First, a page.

Fast-fashion and the environment

The fast-fashion system has two main ways it impacts the environment, the first being the production; through the manufacturing and finishing of the garments, and the second; being the ongoing need and drive for change which is at the heart of the consumption needed by the industry; which in turn fuels the production phase (Gertsakis & Neil 2011; WRAP, 2012). Due to the speed of replacement, there is limited opportunity to recoup the initial environmental impact of the garment, through an extended use phase (Klepp, 2005; Fletcher, 2008; Cooper, 2010; Gwilt & Rissanen, 2011). Subsequently, with the low cost of the garments and the industry having this fast re-purchase frequency, the garments are often seen as throwaway (Birtwistle & Moore, 2007).

“These mass-market practices have now become an albatross of expensive waste and excess, resulting in the fashion industry becoming entrenched in a series of bad environmental habits for an un- maintainable economic profit” (Palomo- Lovinski & Hahn, 2014, p. 89).

This consumption of Earth’s natural resources originating from fast-fashion represents one fifth of the entire fashion market share, and this amount is increasing (DEFRA, 2011). Subsequently, the resources, which are being used up within this activity, are not being renewed (Fletcher & Grose, 2012), nor are these resources being looped back into the system (McDonough & Braungart, 2002). Meaning that the cost of this consumption practice is ultimately being born by the environment at large. “In fashion…the cost implications of the growth model are mainly felt outside the corporation: by society at large, by workers and by the environment. Costs are experienced as increased pollution, resource depletion and climate change” (Fletcher & Grose, 2012, p. 126). However to reduce consumption and increase the length of time the garment is used for, rather than simply requesting the customer to buy less or do without (Palomo-Lovinski & Hahn, 2014), and having a better comprehension of the motivations that encourage and justify this over- consumption; would help enable a long-term and sustained change to be found (Soper, 2015).

Generation-Y consumers

The purchase motivators for this group as outlined by Noble, et al (2009, p. 626) are as follows:

  1. Assertions of freedom from parents
  2. Finding yourself
  3. To blend in
  4. To stand out
  5. Brand personality
  6. My personality
  7. Fashion knowledge
  8. Value-seeking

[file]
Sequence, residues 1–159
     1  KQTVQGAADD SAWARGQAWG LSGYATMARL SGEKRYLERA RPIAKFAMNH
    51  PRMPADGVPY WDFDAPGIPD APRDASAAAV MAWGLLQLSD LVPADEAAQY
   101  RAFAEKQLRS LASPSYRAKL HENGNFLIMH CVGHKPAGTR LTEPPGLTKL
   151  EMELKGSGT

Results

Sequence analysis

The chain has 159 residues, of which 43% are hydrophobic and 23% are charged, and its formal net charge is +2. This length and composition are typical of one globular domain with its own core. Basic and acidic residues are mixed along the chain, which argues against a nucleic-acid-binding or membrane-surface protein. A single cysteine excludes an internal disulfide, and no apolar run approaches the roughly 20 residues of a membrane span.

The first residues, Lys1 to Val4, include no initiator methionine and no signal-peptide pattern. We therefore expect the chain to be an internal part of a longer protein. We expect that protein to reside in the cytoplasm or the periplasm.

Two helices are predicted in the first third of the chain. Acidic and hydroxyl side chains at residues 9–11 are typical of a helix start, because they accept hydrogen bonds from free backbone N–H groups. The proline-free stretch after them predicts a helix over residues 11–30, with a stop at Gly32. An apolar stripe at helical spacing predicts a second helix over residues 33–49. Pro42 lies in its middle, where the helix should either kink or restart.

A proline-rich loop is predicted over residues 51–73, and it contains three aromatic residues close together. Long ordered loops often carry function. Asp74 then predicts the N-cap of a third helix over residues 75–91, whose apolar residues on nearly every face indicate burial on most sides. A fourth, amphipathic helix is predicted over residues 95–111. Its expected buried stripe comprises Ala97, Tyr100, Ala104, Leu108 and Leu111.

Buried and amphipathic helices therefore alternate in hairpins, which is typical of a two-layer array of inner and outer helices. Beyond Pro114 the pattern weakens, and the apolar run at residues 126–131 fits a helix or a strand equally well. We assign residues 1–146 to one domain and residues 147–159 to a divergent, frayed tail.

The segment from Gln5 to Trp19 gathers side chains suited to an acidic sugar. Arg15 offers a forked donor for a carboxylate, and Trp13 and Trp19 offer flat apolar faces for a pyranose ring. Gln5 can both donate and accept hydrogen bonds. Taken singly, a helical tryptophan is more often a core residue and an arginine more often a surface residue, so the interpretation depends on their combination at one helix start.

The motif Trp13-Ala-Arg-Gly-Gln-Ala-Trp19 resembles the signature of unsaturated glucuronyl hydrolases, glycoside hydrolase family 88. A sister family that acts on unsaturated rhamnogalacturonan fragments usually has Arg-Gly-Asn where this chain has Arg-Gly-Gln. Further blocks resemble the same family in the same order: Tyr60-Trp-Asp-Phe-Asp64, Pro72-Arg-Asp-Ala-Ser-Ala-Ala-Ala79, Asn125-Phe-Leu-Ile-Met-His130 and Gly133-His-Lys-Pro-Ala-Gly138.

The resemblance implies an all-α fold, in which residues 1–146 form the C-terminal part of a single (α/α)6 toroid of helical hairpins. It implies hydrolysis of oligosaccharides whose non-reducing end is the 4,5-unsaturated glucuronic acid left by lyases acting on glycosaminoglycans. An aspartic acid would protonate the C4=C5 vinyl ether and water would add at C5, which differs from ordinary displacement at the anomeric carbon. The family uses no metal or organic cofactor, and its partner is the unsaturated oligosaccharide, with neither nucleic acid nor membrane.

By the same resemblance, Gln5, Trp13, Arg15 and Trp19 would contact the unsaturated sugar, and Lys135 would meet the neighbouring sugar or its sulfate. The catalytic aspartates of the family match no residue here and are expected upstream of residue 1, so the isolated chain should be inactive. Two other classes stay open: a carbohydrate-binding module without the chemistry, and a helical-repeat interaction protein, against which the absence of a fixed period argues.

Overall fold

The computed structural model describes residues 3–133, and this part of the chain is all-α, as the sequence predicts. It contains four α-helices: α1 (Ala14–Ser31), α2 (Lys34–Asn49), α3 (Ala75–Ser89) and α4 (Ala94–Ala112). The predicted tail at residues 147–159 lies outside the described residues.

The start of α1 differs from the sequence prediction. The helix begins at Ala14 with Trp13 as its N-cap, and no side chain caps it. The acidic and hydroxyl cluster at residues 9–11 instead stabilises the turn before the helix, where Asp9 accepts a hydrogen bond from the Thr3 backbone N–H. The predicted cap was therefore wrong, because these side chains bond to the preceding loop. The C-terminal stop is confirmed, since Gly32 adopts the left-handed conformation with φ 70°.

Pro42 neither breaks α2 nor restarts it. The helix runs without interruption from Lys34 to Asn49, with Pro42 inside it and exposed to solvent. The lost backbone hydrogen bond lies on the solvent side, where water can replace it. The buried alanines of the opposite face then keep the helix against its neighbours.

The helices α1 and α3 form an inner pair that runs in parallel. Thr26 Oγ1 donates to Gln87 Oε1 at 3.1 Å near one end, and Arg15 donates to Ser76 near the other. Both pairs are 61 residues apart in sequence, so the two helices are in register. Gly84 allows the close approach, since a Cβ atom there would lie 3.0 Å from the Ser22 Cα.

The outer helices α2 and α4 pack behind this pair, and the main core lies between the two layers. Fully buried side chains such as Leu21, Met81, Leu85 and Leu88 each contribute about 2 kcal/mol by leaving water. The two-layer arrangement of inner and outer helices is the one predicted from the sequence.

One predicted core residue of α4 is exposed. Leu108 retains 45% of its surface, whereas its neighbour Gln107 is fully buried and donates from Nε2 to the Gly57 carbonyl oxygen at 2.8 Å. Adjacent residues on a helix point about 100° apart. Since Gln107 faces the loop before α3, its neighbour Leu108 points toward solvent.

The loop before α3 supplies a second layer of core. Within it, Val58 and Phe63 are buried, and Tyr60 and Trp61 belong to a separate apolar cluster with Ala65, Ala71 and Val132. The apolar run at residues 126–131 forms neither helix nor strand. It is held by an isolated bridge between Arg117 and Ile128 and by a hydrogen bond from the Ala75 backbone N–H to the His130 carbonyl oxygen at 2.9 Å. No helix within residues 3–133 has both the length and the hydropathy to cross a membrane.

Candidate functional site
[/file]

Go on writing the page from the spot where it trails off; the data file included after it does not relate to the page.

9. Comfort of brands.

These themes are often used in conjunction with each other, for example Gen-Y are likely to be selecting their own clothing, are style conscious and shop within the value section of the market (Yip, Chan & Poon, 2012). The theme that would help the consumer decide the garment they want and when it should be discarded would be the consumers’ fashion knowledge (Noble, et al, 2009). Furthermore, how fashion knowledge relates to an understanding of a garment can be framed by the theory of intrinsic and extrinsic criteria; intrinsic being all of the aspects of the product itself and extrinsic, is all of the aspects that sit outside of the physical product (Jacoby & Olson, 1972). A study by Eckman, et al, (1990) outlined that when making a comparison of the extrinsic and intrinsic criteria; overall the intrinsic criteria’s’ were more often used and related to the evaluation of the garment; colour, pattern, style and fit. Subsequently, it was these attributes that had the largest affect on consumer purchase decisions (Ibid). In addition, Jacoby & Olsen (Ibid) showed that intrinsic attributes were more important than extrinsic attributes in shaping the customers judgment of quality. However, the main drivers for quality considerations by the fashion industry have not been the intrinsic, but the extrinsic (Fiore & Damhorst, 199, p.168).

Quality assessment

Considering the work of Kincade, (2007, p. 30) who states:

“customers in general are uninformed about the quality or the standard of a garment, and in most cases there is a challenge for the ‘measureable’ industry standards meeting the customer’s interpretation who are somewhat ‘emotive’ and vague when they discuss quality”.